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While the public and media have focused on electric vehicles, others are taking the bigger view. Smart transportation systems aim to move people and goods around more quickly, more safely, and with less energy and pollution.
This is no idle matter. The world crossed a significant milestone in 2011: There are now more than 1 billion cars and trucks on roads globally, up from 980 million at the end of 2009. That number is expected to double by 2020. Combine that with two other recent thresholds -- the seven-billionth world citizen and the fact that a majority of humanity now resides in cities -- you have the makings for one hell of a global traffic jam.
The United States boasts the highest density of cars and trucks -- one for every 1.3 people -- but the 1 percent annual rate of growth pales compared with China, India, and Brazil, where annual vehicle growth rates are 27.5 percent, 8.9 percent, and 9 percent, respectively, according to the trade journal Ward's and J.D. Power. In many of the world's largest cities, drivers are going nowhere fast. Mexico City; Shenzen and Beijing, China; Nairobi, Kenya; Johannesburg, South Africa; and Bangalore and New Delhi, India, face the highest congestion, according to the 2011 IBM Commuter Pain Index. (By comparison, Los Angeles ranked 12th, New York City 15th, and car-choked Houston didn't even make the top 20.) The index ranks the emotional and economic toll of commuting in each city.
IBM, which sells control systems to make transportation systems smarter and more efficient, is one of several companies for which backups, bottlenecks, and snarls represent a vast opportunity. Another is Cisco; its Connected Urban Development initiative aims to harness information and communications technology to make fundamental improvements in transportation efficiency. Providers of such technologies hope to garner a slice of the multi-billion-dollar pie found in easing congestion in cities.
The car makers are seeing their business models upended by a new business model that puts the brakes on vehicle ownership. First among these is Zipcar, the largest of dozens of companies offering "mobility on demand," better known as car sharing -- the ability to easily find nearby vehicles to rent by the hour, an alternative to car ownership or traditional car rental. Zipcar and dozens of other car-sharing services are being joined by big players: Hertz (HertzOnDemand), Enterprise (WeCar), and U-haul (uhaulcar- share). While most are currently available in only a handful of cities, they will be widespread in the next few years. Last year, for example, Ford teamed up with Zipcar to make its vehicles available for car sharing on US college campuses.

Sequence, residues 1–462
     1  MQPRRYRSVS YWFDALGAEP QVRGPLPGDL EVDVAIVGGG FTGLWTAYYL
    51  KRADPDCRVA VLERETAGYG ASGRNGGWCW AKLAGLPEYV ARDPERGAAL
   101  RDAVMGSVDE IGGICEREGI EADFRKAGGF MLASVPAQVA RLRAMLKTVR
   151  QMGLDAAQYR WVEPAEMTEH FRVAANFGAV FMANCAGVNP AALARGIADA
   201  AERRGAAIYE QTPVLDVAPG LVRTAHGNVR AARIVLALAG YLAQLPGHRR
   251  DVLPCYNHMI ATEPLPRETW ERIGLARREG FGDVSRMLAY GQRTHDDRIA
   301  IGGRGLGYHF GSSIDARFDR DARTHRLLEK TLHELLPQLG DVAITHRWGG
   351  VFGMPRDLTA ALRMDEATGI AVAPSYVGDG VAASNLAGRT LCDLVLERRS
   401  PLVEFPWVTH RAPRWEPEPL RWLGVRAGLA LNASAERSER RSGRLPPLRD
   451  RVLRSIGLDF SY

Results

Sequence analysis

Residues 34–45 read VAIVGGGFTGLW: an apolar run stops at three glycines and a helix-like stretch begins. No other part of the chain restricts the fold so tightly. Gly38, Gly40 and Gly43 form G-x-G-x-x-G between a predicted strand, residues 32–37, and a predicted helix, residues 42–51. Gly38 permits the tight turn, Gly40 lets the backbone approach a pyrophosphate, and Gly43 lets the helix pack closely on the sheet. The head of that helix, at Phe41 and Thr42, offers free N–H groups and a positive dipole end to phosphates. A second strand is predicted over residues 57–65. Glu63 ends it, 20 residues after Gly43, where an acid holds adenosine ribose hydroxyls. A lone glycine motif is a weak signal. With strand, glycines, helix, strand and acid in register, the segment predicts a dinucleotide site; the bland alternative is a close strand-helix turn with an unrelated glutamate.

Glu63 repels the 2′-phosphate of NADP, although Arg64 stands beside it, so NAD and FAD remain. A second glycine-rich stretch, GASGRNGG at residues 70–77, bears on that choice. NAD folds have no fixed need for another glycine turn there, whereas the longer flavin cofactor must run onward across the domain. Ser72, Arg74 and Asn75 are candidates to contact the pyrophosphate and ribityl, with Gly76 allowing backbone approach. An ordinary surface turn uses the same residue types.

Behind that business model is an even more disruptive one: peer-to-peer car-sharing services, in which anyone can make his or her vehicle available to others on an hourly basis. In the United States, RelayRides and Getaround are making inroads in P2P, as it is known, allowing car owners to make money renting their vehicles when they would otherwise sit idle, which is about 95 percent of the time. Software allows anyone with a smartphone to find a nearby rentable vehicle, and vehicle owners get to decide when, where, and to whom to rent -- and for how much. In a nod to the vast potential of P2P, GM launched a partnership with RelayRides last year to allow GM owners to rent out their idle vehicles using their mobile phone and GM's OnStar service.
These are the first signs of a future not far down the road, where owning a car is no longer a rite of passage or even a status symbol, and where "access to mobility" becomes the desired norm. After all, turning every car into a green one isn't much help if no one can get from here to there.
Image CC licensed by Flickr user Andrew Currie.